In Which Eli Reverts To Incoherent Babbling
Pachacutec has a fascinating post up at Firedoglake about the three political parties competing for control of the United States. And no, it's not the Democrats, Republicans, and Greens. Instead, he breaks it down into the Grassroots Theocrats and Grassroots Progressives, which are in clear opposition to each other, and the DC/K Street Elite, which wants to co-opt both of the other parties to advance their corporate agenda.
I'm not positive that three is the true number of parties, but I think the basic dynamic is mostly correct. It's an excellent explanation of why the Democratic party establishment is so unwilling to oppose the Republican agenda, yet so willing to oppose the Democratic one, and so openly hostile to what most people would consider their base. They're not really Democrats at all, but well-paid corporate shills who might as well be lobbyists. It also explains why we progressives have such a visceral, instinctive dislike for them.
Where I disagree is on whether the Elite can truly be considered a party. I don't think they are in any meaningful sense of the word. They're behind-the-scenes interest and power brokers, more of a super-constituency that politicians ally themselves with or sell themselves to, rather than a party unto themselves that politicians are actually members of. For as complicit and as co-opted as the establishment Democrats may be, I believe they still think of themselves as belonging to a separate party from the Republicans, and (mostly) genuinely do want to beat them in elections. The problem is that the DLC arm of the Elite has seeded the consultant class with Grima Wormtongues who advise the Democrats that the only way to beat the Republicans is to be just like them. And because it worked for Bill Clinton (never mind that that was because he was a brilliant politician, or that it's never worked since), this ridiculous idea still has legitimacy.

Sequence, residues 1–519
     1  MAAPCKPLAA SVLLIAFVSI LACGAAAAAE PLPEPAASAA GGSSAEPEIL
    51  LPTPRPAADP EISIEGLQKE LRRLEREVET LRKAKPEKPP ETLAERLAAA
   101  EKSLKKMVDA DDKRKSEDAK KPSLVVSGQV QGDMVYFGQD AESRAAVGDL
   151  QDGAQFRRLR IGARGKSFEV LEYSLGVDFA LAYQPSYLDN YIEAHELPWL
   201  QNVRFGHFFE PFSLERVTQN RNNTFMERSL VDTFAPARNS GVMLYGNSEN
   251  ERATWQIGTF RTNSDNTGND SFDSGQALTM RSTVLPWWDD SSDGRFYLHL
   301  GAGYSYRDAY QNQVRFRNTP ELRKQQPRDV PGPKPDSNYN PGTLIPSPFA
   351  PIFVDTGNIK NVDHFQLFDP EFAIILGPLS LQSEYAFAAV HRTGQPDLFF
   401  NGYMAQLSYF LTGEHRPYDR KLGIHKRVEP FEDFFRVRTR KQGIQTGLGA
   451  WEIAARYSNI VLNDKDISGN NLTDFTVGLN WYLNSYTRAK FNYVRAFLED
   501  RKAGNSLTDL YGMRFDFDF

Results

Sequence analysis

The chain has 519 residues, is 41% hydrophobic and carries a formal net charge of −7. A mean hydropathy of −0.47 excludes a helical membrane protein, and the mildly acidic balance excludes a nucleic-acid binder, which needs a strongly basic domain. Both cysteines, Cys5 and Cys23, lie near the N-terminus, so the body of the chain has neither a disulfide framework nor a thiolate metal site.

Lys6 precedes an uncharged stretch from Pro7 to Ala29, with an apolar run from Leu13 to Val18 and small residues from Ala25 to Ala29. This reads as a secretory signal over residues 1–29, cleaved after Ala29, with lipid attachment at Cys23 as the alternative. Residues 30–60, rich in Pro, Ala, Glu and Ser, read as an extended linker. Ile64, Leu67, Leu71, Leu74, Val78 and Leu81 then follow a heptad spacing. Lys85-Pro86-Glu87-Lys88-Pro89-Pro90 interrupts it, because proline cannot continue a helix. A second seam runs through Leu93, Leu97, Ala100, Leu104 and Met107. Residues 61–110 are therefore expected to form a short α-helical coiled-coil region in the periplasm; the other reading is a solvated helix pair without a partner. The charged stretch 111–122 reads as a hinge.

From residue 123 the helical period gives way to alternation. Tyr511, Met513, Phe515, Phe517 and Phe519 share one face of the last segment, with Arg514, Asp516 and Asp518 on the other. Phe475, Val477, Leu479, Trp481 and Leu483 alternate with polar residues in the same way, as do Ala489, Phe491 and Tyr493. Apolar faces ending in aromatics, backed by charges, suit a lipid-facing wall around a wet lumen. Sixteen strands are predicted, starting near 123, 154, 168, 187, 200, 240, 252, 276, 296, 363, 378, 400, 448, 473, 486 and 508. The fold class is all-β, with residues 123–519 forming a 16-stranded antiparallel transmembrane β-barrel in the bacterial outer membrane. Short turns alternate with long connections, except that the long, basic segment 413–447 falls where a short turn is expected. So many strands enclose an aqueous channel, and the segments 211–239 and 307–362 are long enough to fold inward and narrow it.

But regardless of whether the Elite can be considered a true party or not, the important thing is that they have captured the Democratic party and steered it away from its traditional guiding principles. From the Elite's perspective, it's a win-win situation: By stacking the Democratic leadership with soulless, uninspiring corporatists who alienate their own voters, they essentially ensure that their true soulmates, the Republicans, stay in power. But at the same time, they also ensure that a majority of the Democrats will support the Elite's interests as well. So if the Republicans should, just hypothetically, fuck things up so monumentally that they get turned out of office in a landslide of epic proportions, well, the Elite-owned Democrats won't abuse their new-found power by doing anything rashly anti-corporate. (It will be interesting to see how Medicare reform and the minimum-wage increase fare in a Democratic Congress, and where their support and opposition comes from.)
Of course, from a Grassroots Progressive perspective, this is an unacceptable situation. Worse yet, even if the Democrats do retake both houses of Congress, it will only be seen as a repudiation of the Republicans and/or Grassroots Theocrats. It won't even occur to anyone that it's a rejection of the Elite, even if Grassroots Progressive candidates significantly outperform Elite ones, because the Elite simply isn't part of the election narrative (did I mention that the Elite own the media?). This is why I'm glad to hear that Firedoglake will be tracking and analyzing the election results from a Grassroots-vs.-Elite perspective, not just the usual Democrats-vs.-Republicans perspective. I'm hoping MyDD and DailyKos and maybe Atrios (although he's more about media critique than election analysis) will pick up on this as well, to counter the media and Democratic spin that this Stunning Democratic Victory is entirely due to the strategic, triangulatory genius of Elite toadies like Rahm Emanuel and Charles Schumer.
My longterm questions are:
1) What will it take for the Democratic leadership to realize that the Grassroots Progressives are a force to be reckoned with; or more accurately, a force that will not go away or sell out? At what point does it become true and obvious that Grassroots support is more essential to electoral success than Elite support?
2) What is the "critical mass" of Grassroots Progressives in the House and Senate where they would be able to take over the party leadership? Is it a simple majority? Plurality? Supermajority?
3) How long will it take to reach that critical mass? I suspect it will be easier in the House, simply because every seat is in play every year, and I think the bar for entry into the race is easier than for the Senate. I think it also lends itself better to retail campaigning, which I suspect Grassroots candidates are better at.